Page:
Curbside recycling likely will begin sometime in 2009 By David Lias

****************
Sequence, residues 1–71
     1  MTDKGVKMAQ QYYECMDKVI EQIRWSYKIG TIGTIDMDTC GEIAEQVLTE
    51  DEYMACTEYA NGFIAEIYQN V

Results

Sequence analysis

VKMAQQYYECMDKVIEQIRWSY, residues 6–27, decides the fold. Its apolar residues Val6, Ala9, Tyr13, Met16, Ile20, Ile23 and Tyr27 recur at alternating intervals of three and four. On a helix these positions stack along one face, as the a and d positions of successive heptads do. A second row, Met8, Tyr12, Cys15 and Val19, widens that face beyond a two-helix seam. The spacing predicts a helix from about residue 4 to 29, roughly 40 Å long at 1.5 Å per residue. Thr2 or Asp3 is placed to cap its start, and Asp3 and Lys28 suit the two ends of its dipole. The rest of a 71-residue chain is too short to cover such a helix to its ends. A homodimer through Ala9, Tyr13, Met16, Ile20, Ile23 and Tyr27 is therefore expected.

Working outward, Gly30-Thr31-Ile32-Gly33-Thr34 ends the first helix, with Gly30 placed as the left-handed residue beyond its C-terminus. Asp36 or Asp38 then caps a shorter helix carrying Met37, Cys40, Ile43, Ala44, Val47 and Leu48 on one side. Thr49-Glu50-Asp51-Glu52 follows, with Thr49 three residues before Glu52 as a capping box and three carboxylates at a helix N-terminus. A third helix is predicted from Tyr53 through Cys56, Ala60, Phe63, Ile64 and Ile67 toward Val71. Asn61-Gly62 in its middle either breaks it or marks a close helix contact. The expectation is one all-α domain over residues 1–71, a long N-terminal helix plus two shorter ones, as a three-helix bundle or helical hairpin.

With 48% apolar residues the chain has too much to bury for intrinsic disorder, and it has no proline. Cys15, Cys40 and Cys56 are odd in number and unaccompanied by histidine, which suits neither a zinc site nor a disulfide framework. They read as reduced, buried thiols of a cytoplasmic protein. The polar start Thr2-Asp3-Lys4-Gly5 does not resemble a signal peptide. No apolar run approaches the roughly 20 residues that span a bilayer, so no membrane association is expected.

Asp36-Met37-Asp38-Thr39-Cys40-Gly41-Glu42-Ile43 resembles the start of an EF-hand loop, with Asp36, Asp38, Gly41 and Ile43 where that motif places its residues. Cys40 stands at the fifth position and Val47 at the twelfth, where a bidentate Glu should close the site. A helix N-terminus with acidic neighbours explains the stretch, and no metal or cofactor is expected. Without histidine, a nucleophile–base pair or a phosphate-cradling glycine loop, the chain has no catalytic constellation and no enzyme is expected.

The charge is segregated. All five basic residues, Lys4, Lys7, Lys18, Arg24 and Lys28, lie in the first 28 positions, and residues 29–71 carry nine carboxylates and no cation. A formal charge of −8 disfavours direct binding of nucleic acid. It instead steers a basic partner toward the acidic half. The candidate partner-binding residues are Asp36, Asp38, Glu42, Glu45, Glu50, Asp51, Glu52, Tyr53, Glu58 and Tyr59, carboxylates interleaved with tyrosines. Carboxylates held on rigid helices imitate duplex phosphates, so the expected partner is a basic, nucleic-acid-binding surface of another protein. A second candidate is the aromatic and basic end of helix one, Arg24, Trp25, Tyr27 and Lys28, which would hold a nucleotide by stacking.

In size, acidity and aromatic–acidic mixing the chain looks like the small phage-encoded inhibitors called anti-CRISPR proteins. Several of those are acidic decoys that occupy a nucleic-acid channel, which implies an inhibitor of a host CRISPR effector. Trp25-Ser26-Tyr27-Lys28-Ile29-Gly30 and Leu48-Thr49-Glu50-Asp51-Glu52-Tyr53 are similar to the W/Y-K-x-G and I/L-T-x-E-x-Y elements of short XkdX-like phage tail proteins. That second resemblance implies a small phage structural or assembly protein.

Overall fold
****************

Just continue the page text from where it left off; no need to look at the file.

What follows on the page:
Editor Itâ�?�?s been nearly two months since Vermillion citizens, in a close election held Nov. 4, confirmed they approve of the idea of implementing a curbside recycling program within the city. It may be several months, however, before the program is up and running. In other words, residents wonâ�?�?t have to worry about journeying out in the currently bitter cold weather South Dakota is experiencing to place containers of recyclable materials out on their curbs. â�?�?When the item was referred, we couldnâ�?�?t allocate any funds toward implementation of the project, so we literally now have to go out and purchase the truck and some things like that,â�? City Manager John Prescott said. â�?�?Itâ�?�?s probably going to be several months into 2009 by the time we get all of the equipment lined up, and hire the staff we will need to operate the truck.â�? The city will also hold educational sessions so Vermillion citizens fully understand how they can take advantage of the recycling program once its operational. â�?�?We will produce some educational materials, and people will know ahead of time what they will need to know as a homeowner, such as what day recyclables will be picked up in their neighborhood, and other things like that,â�? Prescott said. This new recycling service is being made possible in Vermillion thanks to a grant/loan package from the Department of Environment and Natural Resources that will help offset the costs of needed equipment. The recycling program will need to generate enough income for Vermillion to pay back the low-interest loan. Vermillion residents will be charged a monthly fee to help cover both fixed and operating costs of the program. City Manager John Prescott, in a memo to city aldermen, noted that city staff is working to develop multiple income streams to help fund the program due to the unpredictability of the recycling market and fixed costs, such as fuel. The initial monthly fee for homeowners is anticipated to be $3.30 plus applicable sales tax. â�?�?The package is a $35,000 grant and a $175,000 loan at 2.5 percent interest for seven years,â�? said Phyllis Packard, Vermillionâ�?�?s solid waste director, told the Plain Talk last summer. â�?�?It would cover the costs of curb sorter trucks, pickup, hydraulic dump trailer, the school trailer, and contingencies and other equipment needed for a total of $210,000.â�? Packard noted that the curb sorter truck will feature seven separate sections, with each holding a different recyclable material routinely collected by the city. Her research shows that Yankton, Mitchell and Brookings currently have curbside recycling, and the average charge in those communities for the curbside service is between $3 and $3.25 monthly. Opponents referred the idea to a public vote, stating that Yankton, which shares the use of the Vermilllion landfill through a joint powers agreement, isnâ�?�?t doing its fair share of recycling.